According to tests conducted by online pharmacy and lab Valisure, traces of a chemical linked to blood cancers such as leukemia have been detected in dozens of popular sunscreens and after-sun products.

According to Valisure, benzene, a known carcinogen, was found in 78 of nearly 300 sprays and lotions tested (about 27 percent), including products sold by Banana Boat and CVS.

The company has petitioned the FDA to recall these contaminated batches. The claim is being reviewed by the regulatory body.

Sunscreens and after-sun products, which are classified as cosmetics, are generally regulated by the FDA. At room temperature, the chemical is described as “a colorless or light-yellow liquid chemical.” According to Valisure, it has been used “primarily as a solvent in the chemical and pharmaceutical industries.”

Cigarette smoke, gasoline, glues, adhesives, cleaning products, and paint strippers all contain trace amounts of benzene.

According to Valisure, 14 sun care product lots with some of the highest contaminations are sold under four different popular brands: Neutrogena, Sun Bum, CVS Health, and Fruit of the Earth. Not all of the products from the aforementioned brands were found to contain benzene, and a list of products found to contain and not contain benzene is included further down the page in Valisure’s petition form.

Neutrogena’s Ultra Sheer Weightless Sunscreen Spray, SPF 100+ and Ultra Sheer Weightless Sunscreen Spray, SPF 70, for example, were among 14 products Valisure claims have the highest levels of benzene tested. However, the carcinogen was not found in products such as Neutrogena’s Ultra Sheer Dry-Touch Sunscreen Lotion SPF 30 and Oil-free Facial Moisturizer with Sunscreen SPF 15. According to Valisure’s website, all of the samples tested contained “up to three times the conditionally restricted FDA concentration limit of 2 parts per million” of benzene.

Valisure’s founder and CEO, David Light, believes the problem is manufacturing contamination affecting specific batches. Despite the fact that the source of the contaminant is unknown and that more products tested passed than failed, Light urged manufacturers and consumers to take the matter seriously. “Benzene is one of the most extensively researched and dangerous human carcinogens known to science. Its link to the development of blood cancers in humans has been demonstrated in numerous studies at trace levels of parts per million and lower. The presence of this known human carcinogen in products widely recommended for skin cancer prevention and regularly used by adults and children is extremely concerning “According to the company’s statement, Light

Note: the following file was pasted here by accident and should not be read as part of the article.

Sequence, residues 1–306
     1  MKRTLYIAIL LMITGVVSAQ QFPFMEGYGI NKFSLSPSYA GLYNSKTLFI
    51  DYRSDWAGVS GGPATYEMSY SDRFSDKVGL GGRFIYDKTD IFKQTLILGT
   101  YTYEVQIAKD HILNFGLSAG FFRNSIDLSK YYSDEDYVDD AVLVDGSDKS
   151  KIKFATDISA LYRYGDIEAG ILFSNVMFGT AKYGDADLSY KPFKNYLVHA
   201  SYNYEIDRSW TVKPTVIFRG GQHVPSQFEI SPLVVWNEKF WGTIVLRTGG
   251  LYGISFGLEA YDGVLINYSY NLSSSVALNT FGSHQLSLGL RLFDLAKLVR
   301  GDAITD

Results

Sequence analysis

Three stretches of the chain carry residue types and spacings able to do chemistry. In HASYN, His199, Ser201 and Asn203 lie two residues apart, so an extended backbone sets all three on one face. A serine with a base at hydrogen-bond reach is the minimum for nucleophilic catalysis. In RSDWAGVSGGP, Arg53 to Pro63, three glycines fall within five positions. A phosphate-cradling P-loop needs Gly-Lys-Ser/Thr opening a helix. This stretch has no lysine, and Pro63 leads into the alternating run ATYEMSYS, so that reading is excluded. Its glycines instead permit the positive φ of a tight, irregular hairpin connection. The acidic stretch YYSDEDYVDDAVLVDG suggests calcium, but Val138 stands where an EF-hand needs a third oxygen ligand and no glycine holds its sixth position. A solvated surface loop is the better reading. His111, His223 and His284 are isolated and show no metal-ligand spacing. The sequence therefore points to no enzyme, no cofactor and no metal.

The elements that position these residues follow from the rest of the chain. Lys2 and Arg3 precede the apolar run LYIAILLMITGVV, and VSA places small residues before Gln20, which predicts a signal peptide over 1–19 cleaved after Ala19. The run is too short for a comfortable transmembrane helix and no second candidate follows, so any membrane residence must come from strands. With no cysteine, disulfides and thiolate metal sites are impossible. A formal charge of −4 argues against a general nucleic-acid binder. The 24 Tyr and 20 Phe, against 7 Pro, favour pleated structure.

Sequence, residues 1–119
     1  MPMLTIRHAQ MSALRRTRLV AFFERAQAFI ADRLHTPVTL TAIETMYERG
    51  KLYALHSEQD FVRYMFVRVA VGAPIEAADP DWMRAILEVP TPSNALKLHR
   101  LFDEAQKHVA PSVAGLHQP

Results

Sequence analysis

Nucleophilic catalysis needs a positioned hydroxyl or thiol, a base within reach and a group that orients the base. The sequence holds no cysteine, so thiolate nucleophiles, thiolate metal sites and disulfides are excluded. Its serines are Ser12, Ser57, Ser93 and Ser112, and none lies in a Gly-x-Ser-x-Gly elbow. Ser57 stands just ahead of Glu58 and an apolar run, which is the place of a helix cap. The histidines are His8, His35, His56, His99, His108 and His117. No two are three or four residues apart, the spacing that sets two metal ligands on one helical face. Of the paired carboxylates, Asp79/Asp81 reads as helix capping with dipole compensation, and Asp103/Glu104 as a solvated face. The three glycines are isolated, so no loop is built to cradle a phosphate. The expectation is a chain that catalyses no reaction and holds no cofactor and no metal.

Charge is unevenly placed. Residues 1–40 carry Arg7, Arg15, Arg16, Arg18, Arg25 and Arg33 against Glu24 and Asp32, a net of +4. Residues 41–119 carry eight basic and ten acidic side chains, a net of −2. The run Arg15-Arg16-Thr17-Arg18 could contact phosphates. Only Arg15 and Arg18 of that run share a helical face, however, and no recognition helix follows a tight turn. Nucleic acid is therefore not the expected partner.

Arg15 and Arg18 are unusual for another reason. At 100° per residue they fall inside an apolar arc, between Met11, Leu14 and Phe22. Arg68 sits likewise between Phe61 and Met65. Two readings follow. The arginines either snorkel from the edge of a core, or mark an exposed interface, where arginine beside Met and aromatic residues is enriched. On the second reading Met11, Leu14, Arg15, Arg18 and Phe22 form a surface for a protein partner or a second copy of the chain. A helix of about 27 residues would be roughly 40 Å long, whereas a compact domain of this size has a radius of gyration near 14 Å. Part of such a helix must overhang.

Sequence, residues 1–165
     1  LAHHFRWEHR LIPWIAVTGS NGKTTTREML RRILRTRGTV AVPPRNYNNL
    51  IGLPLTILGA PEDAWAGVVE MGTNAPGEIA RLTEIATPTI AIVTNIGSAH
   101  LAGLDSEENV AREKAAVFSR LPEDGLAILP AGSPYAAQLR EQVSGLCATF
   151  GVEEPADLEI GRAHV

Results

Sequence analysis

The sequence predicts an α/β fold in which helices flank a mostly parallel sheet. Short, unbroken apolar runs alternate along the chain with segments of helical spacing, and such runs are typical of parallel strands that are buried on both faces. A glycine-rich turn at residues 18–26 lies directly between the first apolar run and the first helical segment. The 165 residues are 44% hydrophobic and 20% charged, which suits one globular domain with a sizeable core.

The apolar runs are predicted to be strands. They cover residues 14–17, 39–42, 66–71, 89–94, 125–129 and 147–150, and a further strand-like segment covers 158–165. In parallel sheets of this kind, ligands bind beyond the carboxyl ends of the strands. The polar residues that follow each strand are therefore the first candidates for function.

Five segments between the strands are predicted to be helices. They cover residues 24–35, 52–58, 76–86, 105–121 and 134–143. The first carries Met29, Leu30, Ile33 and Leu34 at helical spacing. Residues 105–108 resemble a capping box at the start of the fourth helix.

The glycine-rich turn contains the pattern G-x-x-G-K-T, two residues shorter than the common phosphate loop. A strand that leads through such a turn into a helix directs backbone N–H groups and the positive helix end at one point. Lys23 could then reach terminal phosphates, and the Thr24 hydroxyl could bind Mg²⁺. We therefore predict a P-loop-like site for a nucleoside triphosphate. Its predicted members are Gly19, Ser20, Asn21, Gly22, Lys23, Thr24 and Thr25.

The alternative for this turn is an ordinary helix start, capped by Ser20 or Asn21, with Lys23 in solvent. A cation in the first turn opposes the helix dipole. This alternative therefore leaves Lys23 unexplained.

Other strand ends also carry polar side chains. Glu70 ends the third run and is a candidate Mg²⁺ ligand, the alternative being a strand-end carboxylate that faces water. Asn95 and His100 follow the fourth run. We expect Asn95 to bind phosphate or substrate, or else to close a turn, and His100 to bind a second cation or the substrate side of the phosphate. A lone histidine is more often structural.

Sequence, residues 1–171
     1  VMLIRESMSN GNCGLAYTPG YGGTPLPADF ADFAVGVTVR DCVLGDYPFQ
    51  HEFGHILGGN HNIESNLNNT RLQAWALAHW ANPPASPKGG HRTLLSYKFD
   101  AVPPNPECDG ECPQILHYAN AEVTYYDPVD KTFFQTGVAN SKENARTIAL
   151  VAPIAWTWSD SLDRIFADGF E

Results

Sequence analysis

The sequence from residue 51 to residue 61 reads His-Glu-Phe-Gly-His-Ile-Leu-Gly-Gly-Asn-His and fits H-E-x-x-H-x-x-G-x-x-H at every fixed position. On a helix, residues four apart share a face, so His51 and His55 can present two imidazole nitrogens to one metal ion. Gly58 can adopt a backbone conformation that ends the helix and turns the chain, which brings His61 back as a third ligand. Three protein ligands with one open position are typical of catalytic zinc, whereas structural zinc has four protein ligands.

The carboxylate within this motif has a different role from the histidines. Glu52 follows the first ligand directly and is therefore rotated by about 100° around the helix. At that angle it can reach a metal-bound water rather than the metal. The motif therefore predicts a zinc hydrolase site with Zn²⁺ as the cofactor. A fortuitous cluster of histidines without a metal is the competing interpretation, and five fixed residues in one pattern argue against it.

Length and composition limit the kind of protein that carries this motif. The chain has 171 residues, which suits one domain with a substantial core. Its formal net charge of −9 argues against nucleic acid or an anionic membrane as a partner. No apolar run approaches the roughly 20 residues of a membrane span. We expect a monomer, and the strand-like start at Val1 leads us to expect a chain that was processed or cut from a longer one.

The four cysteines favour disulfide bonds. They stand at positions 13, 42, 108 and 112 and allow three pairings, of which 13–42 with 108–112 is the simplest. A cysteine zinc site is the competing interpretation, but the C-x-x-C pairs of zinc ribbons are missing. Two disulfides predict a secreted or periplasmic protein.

He also wants the FDA to clarify its contamination standards and “address current regulatory gaps regarding benzene in both drug and cosmetic products.” Valisure is encouraging people to send in their own sunscreen and sun care product samples for testing.

The company also made public their FDA petition, which includes a list of the batches that had benzene levels detected. Pages 12 to 15 contain the products.

Banana Boat’s manufacturer also defended its products, claiming that “our sun care products undergo rigorous testing to ensure safety and quality and meet all FDA regulations.”

CVS stated in a statement that their products are “safe” and that “we are in the process of reviewing and evaluating information in and related to Valisure’s petition and will respond accordingly.” “To further ensure the quality of our products, we will work with suppliers to understand how trace amounts may have been detected,” Sun Bum said in a statement.

Valisure, on the other hand, emphasized to customers that they should not avoid using sunscreen and should continue to do so.

“It is critical for people to understand, especially as we approach the summer months, that many sunscreen products tested by Valisure did not have benzene contamination, and those products are presumably safe and should continue to be used, along with appropriate hats and sun-protective clothing, to mitigate skin cancer risk.” Christopher Bunick, MD, PhD, Associate Professor of Dermatology at Yale University was quoted as saying in the company’s press release.